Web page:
Dear Quentin,

I’m looking to purchase a used Nissan GTR and spend about $80,000.

I’m 41, single, no kids, and have always been a big saver. I currently make $128,000 a year, and have a combined $1.1 million in my 401(k), Roth IRA, and brokerage accounts. I’m saving 15% of my pre-tax income with 4% contribution from my employer.

Can I afford my dream car?

I have $56,000 left on my mortgage of which I’m paying an extra $500/month towards principle and planning to pay off within 5 years. I have about $150,000 equity in my condo and about $22,000 in savings.

Dealership appraised my current car, which I paid cash for, at $6,500, but I may end up keeping it as there are some activities I don’t/can’t do in the GTR (e.g. parking in the city, transporting bike, moving semi-large / dirty items, etc.).

1. Can I afford my dream car?

2. If I can, how should I go about financing it? Should I pay it off? Loan?

Any assistance you can provide would be greatly appreciated.

Thanks in advance for reading this.

Would-Be Dream Car Owner

You can email The Moneyist with any financial and ethical questions related to coronavirus at qfottrell@marketwatch.com, and follow Quentin Fottrell on Twitter.

Dear Dreamer,

I don’t want to quash your dreams of owning the car of your dreams. (Like I did with this guy.) But your circumstances are different to that good fellow: namely, you are financially independent, and you are in a very comfortable position for retirement, notwithstanding any unforeseen circumstances. You have worked hard to have the car you want. Bravo, my friend!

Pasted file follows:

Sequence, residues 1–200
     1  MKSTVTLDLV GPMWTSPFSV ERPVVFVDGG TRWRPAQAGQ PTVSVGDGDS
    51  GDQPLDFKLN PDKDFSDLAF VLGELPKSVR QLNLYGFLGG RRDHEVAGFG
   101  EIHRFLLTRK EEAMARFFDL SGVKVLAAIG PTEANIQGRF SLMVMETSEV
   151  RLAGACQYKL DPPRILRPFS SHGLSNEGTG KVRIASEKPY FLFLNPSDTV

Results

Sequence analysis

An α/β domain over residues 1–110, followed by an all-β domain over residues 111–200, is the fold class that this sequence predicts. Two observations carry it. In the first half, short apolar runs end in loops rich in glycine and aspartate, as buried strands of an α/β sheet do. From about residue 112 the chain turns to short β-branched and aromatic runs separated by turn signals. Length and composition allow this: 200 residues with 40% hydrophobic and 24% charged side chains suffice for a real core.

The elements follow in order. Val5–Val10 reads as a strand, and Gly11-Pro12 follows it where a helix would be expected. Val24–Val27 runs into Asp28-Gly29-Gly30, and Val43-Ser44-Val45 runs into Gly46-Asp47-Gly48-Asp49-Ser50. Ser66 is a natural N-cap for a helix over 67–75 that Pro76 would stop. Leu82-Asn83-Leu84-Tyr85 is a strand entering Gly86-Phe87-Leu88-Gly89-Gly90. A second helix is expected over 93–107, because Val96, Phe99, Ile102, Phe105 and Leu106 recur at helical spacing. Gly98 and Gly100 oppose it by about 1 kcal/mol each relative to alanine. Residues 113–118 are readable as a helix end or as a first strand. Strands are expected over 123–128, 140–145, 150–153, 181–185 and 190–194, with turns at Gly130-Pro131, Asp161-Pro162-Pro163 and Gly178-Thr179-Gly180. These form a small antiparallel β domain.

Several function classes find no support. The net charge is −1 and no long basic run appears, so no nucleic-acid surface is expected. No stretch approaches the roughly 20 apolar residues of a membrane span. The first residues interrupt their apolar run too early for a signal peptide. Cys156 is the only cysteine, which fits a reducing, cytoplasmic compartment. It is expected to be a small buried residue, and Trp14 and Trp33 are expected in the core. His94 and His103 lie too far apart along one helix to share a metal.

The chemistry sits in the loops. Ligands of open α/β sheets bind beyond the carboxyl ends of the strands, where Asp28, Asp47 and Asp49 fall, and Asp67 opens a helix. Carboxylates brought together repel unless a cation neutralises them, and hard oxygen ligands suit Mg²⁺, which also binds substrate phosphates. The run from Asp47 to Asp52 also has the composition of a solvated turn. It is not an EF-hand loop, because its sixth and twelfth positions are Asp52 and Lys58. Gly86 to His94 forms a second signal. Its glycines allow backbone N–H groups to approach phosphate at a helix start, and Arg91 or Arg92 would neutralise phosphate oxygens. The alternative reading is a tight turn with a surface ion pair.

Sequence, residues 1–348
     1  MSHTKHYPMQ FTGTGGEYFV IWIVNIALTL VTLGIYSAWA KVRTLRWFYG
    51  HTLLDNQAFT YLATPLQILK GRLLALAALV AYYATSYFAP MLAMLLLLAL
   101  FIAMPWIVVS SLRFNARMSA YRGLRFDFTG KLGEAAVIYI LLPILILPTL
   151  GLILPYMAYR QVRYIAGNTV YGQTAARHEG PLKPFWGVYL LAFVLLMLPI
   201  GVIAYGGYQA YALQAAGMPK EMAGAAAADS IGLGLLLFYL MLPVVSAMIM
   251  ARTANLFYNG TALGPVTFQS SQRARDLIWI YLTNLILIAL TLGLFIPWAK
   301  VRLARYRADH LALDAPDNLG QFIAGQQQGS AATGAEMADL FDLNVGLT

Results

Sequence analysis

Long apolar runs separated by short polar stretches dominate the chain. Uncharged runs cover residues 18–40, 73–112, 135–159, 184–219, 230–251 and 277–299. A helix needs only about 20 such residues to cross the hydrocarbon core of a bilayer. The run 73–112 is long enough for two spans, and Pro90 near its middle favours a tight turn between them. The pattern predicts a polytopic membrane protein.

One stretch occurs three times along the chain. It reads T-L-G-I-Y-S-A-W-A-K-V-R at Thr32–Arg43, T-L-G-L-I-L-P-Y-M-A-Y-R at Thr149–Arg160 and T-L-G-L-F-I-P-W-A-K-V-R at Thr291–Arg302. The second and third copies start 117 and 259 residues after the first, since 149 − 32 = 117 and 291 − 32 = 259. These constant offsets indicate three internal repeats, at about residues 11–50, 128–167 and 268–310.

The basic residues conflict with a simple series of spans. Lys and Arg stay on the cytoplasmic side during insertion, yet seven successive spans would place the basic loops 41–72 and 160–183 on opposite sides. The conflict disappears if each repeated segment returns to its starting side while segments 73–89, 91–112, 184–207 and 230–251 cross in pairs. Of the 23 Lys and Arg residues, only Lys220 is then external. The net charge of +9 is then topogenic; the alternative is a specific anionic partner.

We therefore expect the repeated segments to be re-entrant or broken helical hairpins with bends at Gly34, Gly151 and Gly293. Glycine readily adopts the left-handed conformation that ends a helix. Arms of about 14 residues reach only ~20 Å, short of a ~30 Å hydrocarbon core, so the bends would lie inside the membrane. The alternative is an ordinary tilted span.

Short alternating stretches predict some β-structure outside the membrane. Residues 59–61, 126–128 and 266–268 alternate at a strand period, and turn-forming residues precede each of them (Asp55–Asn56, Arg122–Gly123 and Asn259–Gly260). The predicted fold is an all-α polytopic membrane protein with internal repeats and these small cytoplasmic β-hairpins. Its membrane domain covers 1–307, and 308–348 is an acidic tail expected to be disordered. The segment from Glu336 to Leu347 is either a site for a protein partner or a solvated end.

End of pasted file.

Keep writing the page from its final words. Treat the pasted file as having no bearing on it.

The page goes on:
But should you get it? Think on this: It’s more than 62% of your gross salary, and it will make you happy (for about five minutes). Yes, that feeling typically depreciates along with the value of the car. I don’t know what this model means to you, but I do know that — from what you say about your finances — you are not the type to give in to your impulses at the expense of your financial security.

The biggest and best dreams don’t cost $80,000.

It’s an expensive toy and it’s a pricey piece of machinery. Automobiles serve both functions: They get you from A to B, and they give you that Christmas-Morning feeling when you get the keys. Keep that in mind before buying. Alternatively, consider leasing the car first to see if it’s an everlasting love.

I haven’t said you should buy it, and I haven’t said you should not buy it, mostly because I think if you really knew it was the right move, right now, you would not seek a second opinion from The Moneyist. I will say this: It’s a relatively modest dream for a not-so modest price. Here’s a secret that should not be a secret: The biggest and best dreams don’t cost $80,000.

People should generally not buy a car with cash when the price exceeds their own liquid savings, and/or during a time when interest rates are so low. Given your $22,000 in cash, buying a car of this price with a low rate of financing would make more sense. But the cash vs. financing question depends heavily on the price. If I were you, would I buy it? No. For all of the above reasons.

And if you did buy it with financing? Even though you would still enjoy driving it, there may come a day when you owe more on this car than it’s worth.

All too often in America, that’s the stuff that dreams are made of.

The Moneyist: I’m a farmer in my late 30s, live a frugal lifestyle, and my son has a disability. Should I pay extra on my mortgage — or save for retirement?

Hello there, MarketWatchers. Check out the Moneyist private Facebook
 group, where we look for answers to life’s thorniest money issues. Readers write in to me with all sorts of dilemmas. Post your questions, tell me what you want to know more about, or weigh in on the latest Moneyist columns.

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